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Essential Teachers notes:
This passage is so quoted and used it’s a key part of understanding the “love” theme that echoes through scripture. It is however rather abstract and this retelling used the instance of Paul writing it to frame the passage into a story.
Tell this story or a similar one of your choice from a favourite bible translation or story book. This version is supplied for inspiration, feel free to omit or embellish to give it your personal voice.
Main Passage : 1 Corinthians 13
Paul was in the midst of writing to all the people in Corinth about the gifts God could send them through his Holy Spirit when he suddenly stopped and threw his hands in the air. In all his talk about the great gifts and the way they all worked together, he’d forgotten the most important things of all… Love!
It didn’t matter if you had every gift God could give; if you didn’t have love then they were nothing, nadda, zip, diddlysquat, useless! Love was the thing that tied everything together.
But what kind of love. After all, there are many kinds. We may love chocolate or football, but we love our parents with a different kind of love. And God loves us with a love even greater than that. So, Paul tried to do the impossible: he tried to write out exactly what this “love” was.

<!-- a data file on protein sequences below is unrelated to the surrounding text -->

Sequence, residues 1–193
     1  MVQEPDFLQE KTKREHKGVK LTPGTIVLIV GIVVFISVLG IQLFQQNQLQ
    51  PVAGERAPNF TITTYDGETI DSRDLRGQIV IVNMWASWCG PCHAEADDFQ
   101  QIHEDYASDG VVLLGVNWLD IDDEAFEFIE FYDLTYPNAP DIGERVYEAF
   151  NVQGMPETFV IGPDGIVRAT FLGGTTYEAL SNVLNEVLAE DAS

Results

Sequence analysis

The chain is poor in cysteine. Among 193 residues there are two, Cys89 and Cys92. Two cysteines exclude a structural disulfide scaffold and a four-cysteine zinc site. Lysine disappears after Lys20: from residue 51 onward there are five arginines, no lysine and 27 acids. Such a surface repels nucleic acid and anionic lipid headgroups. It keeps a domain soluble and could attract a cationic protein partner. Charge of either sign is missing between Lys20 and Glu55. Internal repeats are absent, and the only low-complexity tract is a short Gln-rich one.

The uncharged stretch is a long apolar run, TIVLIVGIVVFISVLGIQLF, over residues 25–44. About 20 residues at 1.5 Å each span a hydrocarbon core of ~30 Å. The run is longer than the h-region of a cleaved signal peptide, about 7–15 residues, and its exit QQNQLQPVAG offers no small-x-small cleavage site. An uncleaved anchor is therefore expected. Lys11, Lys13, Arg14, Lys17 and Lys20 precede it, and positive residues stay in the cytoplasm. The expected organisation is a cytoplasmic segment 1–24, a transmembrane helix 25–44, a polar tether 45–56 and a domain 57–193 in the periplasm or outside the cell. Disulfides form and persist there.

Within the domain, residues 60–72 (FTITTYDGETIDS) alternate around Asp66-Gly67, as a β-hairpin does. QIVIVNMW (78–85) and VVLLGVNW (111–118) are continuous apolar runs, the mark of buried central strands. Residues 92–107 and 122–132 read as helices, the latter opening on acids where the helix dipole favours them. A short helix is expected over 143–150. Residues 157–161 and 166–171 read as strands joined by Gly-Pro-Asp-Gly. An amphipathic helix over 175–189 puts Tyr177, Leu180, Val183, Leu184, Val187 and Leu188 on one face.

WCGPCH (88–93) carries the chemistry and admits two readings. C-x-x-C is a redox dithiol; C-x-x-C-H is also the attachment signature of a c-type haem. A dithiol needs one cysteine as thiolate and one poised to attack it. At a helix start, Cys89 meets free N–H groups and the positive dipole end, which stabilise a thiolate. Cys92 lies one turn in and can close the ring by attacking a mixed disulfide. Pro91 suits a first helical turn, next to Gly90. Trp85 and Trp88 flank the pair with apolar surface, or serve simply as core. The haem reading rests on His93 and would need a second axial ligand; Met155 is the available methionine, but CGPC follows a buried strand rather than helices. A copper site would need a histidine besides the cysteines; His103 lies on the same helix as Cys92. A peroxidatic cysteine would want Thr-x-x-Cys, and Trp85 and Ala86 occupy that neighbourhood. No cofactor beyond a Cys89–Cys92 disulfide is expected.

Love is patient and kind.
It does not envy, boast or be rude.
Love thinks first of others and keeps no record of wrongs.
Love finds no joy in brokenness but rejoices in the truth.
It holds all things, believes all things, hopes all things, suffers all things.
Love never, ever ends.
Paul sat back and read the long list of things about love. It was something he was still learning about. It was something too big for him to ever know everything about. It was like he could only see part of the picture. He described it as looking at a reflection in a dull mirror. He knew it was God’s love and he knew a lot about it, but the image was still blurry. His greatest wish was that one day he would see God’s love face to face, to discover what he already knew in part, but then to know fully.
Paul picked up his pen one last time for the day. He would stop after this and continue the letter tomorrow, but this last sentence needed adding:
Now these three remain: faith, hope, and love—
but the greatest of these is love.